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I am running into an issue on a server I am building into a template for Oracle on Red Hat 7. I can't seem to pull in my SCSI IDs of hard drives. Here is what I have tried so far.

[root@rhel7asm12ctemplate by-id]# lsscsi --scsi_id

[1:0:0:0] cd/dvd NECVMWar VMware IDE CDR10 1.00 /dev/sr0 -

[2:0:0:0] disk VMware Virtual disk 1.0 /dev/sda -

[2:0:1:0] disk VMware Virtual disk 1.0 /dev/sdb -

[2:0:2:0] disk VMware Virtual disk 1.0 /dev/sdc -

/dev/disk/by-id Does not show anything for SCSI_ID but does show me uuid.

[root@rhel7asm12ctemplate ~]# /usr/lib/udev/scsi_id --whitelisted --replace-whitespace --device=/dev/sda

returns nothing as well.

Does anyone have any suggestions on what I can do to get the SCSI ID I need for ASM?

Thanks!

  • udevadm info <diskpath> | grep ID_SCSI will give you the SCSI ID – Raman Sailopal Sep 18 '17 at 15:29
  • [root@rhel7asm12ctemplate udev]# udevadm info /dev/sda | grep ID_SCSI E: ID_SCSI=1 This is what I received back when I test that. – user251717 Sep 18 '17 at 15:40
  • Is it a scsi disk? maybe it's sata? – NickD Sep 18 '17 at 15:56
  • Definitely SCSI Disks. Running in vSphere 6.0 – user251717 Sep 18 '17 at 16:30
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    You can set a flag in the .vmx file to make Linux see scsi_ids: virtuallyhyper.com/2012/03/… – Mark Plotnick Sep 18 '17 at 16:55
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This may help. You need to have the iscsi-initiator-utils package installed. Execute the following command:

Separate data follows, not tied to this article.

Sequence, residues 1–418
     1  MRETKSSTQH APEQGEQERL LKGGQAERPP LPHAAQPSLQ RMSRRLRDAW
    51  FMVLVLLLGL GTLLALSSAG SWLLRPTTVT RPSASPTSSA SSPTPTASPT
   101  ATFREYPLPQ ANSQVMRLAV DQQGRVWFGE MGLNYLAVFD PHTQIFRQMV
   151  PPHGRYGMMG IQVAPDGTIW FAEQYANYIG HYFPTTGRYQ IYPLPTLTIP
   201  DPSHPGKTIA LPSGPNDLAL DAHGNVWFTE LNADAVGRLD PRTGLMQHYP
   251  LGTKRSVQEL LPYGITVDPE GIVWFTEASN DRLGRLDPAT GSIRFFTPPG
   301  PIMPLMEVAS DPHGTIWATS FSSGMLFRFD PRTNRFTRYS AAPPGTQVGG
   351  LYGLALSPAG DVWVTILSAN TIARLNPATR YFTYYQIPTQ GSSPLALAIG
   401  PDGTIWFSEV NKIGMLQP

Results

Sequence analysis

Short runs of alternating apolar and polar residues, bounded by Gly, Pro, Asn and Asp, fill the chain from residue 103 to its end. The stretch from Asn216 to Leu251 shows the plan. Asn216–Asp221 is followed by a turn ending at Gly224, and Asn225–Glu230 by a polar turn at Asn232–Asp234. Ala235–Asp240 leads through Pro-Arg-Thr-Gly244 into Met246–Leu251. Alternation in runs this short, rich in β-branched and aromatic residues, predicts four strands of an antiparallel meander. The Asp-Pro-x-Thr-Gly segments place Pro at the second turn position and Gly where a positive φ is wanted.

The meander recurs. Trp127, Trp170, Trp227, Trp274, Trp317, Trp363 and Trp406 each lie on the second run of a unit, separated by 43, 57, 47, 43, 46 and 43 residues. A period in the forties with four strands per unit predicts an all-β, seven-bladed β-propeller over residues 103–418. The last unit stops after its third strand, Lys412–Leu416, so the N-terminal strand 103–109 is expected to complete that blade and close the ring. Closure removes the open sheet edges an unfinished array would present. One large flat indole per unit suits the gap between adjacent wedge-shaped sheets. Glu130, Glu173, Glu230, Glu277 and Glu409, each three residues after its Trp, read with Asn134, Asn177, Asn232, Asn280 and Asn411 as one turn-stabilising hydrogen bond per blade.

/lib/udev/scsi_id -g -u -d /dev/sdb

You'll want to change the /dev path to the appropriate sd* partition. To see the drives, you may need to create a /etc/udev/rules.d/50-udev.rules file.

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[root@rhel7asm12ctemplate by-id]# lsscsi --scsi_id
[1:0:0:0] cd/dvd NECVMWar VMware IDE CDR10 1.00 /dev/sr0 -
[2:0:0:0] disk VMware Virtual disk 1.0 /dev/sda -
[2:0:1:0] disk VMware Virtual disk 1.0 /dev/sdb -
[2:0:2:0] disk VMware Virtual disk 1.0 /dev/sdc -

This output tells me the following:

  • storage controller #1 is a VMware virtual IDE bus, and it has only the virtual CD/DVD drive. For SCSI compatibility, that drive is presented as SCSI bus #0, target #0, LUN #0 on that controller.
  • storage controller #2 is the VMware virtual SCSI controller. On it, there are three disks, all on virtual bus #0: their virtual SCSI target IDs are 0, 1 and 2 respectively.

If you are trying to find out the physical SCSI bus/target/LUN triplets from the inside of a VMware virtual machine, that's a non-starter: VMware explicitly hides those details of the physical host from the VM. Neither the operating system nor Oracle ASM within the VM can see the real SCSI target IDs of the actual hardware.

As Mark Plotnick commented, adding disk.EnableUUID = "TRUE" to the .vmx file of the virtual machine will either pass through (for "raw" physical LUNs) or generate (for VMware virtual disks hosted in VMware datastores) unique, persistent WWIDs for any disks presented to the VM. After the setting has been changed, the VM needs to be powered down and restarted to make the change effective.

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